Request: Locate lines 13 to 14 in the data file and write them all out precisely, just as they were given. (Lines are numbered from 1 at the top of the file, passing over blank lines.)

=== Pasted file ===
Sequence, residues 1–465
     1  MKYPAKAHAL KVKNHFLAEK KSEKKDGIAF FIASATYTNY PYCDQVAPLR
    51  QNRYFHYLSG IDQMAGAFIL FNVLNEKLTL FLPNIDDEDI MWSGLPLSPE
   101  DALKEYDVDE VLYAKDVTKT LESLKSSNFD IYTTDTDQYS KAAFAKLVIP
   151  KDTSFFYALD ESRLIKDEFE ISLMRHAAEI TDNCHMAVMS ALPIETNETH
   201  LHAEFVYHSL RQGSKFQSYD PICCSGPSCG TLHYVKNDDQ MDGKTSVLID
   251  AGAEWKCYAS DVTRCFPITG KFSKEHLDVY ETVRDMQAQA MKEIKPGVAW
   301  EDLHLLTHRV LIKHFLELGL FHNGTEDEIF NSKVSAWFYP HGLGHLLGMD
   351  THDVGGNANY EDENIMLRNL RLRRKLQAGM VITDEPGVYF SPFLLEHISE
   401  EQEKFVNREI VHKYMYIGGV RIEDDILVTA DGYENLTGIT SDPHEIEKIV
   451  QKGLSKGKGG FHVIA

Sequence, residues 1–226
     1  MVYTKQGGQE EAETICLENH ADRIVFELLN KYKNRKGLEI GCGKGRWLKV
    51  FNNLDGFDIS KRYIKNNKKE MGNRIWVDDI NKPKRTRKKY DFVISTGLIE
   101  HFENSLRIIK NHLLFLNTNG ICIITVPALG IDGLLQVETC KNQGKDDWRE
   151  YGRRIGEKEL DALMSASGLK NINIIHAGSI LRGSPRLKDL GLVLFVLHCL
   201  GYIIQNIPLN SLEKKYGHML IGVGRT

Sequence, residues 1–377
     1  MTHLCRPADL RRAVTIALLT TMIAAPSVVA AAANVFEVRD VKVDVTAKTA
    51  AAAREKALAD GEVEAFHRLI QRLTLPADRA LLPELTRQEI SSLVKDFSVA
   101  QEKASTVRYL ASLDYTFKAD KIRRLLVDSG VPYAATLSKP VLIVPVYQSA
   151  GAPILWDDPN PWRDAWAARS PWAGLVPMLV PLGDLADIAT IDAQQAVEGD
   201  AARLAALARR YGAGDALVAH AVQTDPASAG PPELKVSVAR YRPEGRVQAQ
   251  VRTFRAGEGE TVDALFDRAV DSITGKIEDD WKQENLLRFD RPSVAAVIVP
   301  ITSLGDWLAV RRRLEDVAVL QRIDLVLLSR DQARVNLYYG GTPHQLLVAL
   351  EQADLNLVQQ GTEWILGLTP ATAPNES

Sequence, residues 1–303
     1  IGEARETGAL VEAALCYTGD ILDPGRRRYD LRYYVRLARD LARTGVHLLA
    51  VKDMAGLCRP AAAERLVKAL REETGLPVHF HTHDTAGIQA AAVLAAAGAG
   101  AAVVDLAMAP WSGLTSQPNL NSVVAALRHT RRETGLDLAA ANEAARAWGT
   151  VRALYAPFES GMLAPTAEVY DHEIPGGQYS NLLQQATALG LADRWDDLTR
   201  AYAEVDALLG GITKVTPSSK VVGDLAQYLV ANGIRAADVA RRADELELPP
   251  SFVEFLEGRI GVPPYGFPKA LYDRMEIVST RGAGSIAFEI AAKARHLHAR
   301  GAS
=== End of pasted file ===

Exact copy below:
     1  MVYTKQGGQE EAETICLENH ADRIVFELLN KYKNRKGLEI GCGKGRWLKV
    51  FNNLDGFDIS KRYIKNNKKE MGNRIWVDDI NKPKRTRKKY DFVISTGLIE